Hotel, Travel, Tourism Industries Persevere Through COVID-19

Wing of a plane

Associate Professor Katie Davin, College of Hospitality Management (COHM), shares her insight into how COVID-19 is affecting the hospitality industry and how the industry is responding in turn.

The hospitality industry was as prepared as it could be for COVID-19 after having dealt with 9/11, outbreaks such as SARS and Zika, and countless natural disasters in the past. The difference with this virus is its global reach and rapid growth.

With companies and organizations canceling huge events and travelers canceling trips in reaction to the virus, the hospitality industry has already been hit hard.

Lodging companies and airlines are revising their cancellation policies, sometimes changing them daily as the virus spreads, travel bans take effect, and states of emergency are declared.

Hotel companies are recognizing that they must do their part to stop the spread of the virus. Implementing flexible cancellation policies is the right thing to do in most cases so that people don't take a risky trip just because they can't get their money back. It's also good business in the long term. When times get better (and they will get better), customers will remember which companies were inflexible and which companies had empathy. Being flexible is painful, though; hotel rooms are a perishable product. An empty room tonight cannot be stored or saved and resold later.

Travelers might question why there are differences in the hotel company’s cancellation policies. Why aren't they all just being completely flexible and offering refunds? The answer might be tied to hotel ownership. For example, we all understand that when we book a stay through Airbnb or HomeAway, we are reserving a room or house that is owned by a person. That is why those companies are being cautious and strategic about cancellations and refunds. The fact is that many hotels are also owned by individuals. The owner pays franchise fees to the company to use the company's name and other resources. The Hilton you are staying in is probably not owned by Hilton, and the Marriott where you booked a room is likely not owned by Marriott. The Best Western you love could be owned by an individual and be that person's sole source of income. So, if a hotel is almost empty and the owner must refund all cancellations, they will never make that money back.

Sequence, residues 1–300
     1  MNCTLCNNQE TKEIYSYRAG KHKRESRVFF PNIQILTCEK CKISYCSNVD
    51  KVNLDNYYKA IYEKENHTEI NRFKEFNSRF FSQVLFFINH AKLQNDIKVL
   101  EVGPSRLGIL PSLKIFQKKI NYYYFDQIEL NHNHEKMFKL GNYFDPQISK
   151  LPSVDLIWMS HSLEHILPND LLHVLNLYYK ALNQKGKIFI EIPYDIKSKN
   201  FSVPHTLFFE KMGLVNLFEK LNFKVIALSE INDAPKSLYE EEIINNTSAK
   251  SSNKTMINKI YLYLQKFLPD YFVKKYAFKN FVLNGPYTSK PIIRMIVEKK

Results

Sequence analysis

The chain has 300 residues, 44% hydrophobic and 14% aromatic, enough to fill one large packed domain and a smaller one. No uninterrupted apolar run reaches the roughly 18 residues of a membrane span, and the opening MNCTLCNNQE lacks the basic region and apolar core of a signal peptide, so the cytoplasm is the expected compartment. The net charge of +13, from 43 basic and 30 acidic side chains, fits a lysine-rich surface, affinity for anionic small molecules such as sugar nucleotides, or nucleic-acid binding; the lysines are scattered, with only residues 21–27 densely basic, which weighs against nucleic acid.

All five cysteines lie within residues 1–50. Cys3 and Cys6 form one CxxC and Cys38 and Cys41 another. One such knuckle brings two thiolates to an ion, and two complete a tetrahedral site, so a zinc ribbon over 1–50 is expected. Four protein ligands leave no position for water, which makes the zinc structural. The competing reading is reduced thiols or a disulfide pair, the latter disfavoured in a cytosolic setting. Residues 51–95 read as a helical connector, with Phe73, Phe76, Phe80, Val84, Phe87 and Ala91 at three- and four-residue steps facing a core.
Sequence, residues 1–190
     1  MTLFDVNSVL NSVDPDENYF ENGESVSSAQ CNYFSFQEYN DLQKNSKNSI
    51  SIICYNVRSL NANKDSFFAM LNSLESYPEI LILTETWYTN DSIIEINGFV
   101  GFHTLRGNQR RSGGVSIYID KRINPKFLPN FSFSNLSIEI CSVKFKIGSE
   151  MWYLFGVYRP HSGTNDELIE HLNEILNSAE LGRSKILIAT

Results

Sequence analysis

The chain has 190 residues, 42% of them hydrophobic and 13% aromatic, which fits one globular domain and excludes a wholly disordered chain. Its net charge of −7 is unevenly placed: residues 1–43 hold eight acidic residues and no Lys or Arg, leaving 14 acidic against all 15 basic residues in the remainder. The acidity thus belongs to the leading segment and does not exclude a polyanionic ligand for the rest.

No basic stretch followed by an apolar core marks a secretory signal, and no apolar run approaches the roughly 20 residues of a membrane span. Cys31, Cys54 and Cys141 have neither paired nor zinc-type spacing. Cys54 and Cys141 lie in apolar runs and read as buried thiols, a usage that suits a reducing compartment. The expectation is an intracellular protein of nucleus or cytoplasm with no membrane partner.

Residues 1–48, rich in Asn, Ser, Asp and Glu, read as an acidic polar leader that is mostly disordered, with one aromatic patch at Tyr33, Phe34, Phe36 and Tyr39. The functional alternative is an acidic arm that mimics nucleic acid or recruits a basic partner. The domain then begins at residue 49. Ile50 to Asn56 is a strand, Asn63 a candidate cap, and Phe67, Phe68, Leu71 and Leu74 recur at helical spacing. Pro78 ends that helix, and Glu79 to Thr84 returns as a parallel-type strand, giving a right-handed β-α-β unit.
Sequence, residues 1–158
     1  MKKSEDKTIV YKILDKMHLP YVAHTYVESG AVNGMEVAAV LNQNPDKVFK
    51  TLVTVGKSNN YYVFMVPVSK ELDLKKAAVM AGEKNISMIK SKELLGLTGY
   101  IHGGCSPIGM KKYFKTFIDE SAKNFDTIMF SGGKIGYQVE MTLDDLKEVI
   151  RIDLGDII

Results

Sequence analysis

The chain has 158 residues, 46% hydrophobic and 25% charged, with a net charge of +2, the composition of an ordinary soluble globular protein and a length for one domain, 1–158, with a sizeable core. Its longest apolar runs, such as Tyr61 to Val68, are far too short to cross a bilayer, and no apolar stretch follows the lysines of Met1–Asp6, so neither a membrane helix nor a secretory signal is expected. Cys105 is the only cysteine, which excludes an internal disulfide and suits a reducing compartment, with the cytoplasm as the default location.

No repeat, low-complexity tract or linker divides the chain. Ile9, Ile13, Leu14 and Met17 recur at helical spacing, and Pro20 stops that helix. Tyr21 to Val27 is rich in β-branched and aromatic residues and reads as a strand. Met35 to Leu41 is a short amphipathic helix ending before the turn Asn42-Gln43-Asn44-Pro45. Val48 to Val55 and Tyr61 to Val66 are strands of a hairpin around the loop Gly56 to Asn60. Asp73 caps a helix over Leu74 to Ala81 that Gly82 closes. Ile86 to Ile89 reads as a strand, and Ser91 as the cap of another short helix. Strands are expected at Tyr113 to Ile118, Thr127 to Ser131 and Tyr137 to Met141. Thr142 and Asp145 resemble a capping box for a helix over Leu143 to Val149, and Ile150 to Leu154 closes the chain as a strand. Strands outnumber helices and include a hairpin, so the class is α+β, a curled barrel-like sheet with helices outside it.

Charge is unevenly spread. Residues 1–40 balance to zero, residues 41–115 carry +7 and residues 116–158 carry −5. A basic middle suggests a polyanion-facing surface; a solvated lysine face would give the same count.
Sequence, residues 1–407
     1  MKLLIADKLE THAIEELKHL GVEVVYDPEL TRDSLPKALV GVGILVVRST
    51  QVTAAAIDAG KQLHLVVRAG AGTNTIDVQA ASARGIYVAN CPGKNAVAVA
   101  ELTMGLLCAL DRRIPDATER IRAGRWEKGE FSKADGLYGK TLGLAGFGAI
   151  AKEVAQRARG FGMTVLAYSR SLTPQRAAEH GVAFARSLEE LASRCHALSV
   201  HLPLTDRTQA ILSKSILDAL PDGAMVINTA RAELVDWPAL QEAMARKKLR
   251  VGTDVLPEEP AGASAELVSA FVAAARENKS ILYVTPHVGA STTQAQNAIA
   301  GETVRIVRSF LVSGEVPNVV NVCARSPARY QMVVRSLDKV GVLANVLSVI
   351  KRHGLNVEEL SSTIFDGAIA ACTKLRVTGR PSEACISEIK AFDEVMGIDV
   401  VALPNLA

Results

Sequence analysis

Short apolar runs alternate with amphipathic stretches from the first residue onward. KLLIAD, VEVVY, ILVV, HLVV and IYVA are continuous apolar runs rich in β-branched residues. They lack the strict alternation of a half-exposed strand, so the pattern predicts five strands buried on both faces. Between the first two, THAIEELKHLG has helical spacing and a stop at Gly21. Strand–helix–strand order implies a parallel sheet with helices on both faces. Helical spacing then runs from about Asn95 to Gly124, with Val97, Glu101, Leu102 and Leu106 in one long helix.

If you have a trip booked in March or April and need to cancel your room, check the cancellation policy for your room reservation. If you booked directly through the hotel, the answer will be easy to find. If you booked through a third-party site (like Expedia), it might take you a few more steps to determine if you can cancel without penalty.

As for the interference of COVID-19 on JWU’s students and programs, we have converted our traditional classes to distance-learning classes as seamlessly as possible to minimize our students' stress.

COVID-19 is a short-term disaster that may have some lasting effects, but the hospitality industry will bounce back. It always does.

Stay updated on the most recent COVID-19 news including travel advisories and guidance on protecting yourself, from the Centers for Disease Control and Prevention (CDC). Find the most updated information about what’s happening at all JWU campuses on the JWU Coronavirus website.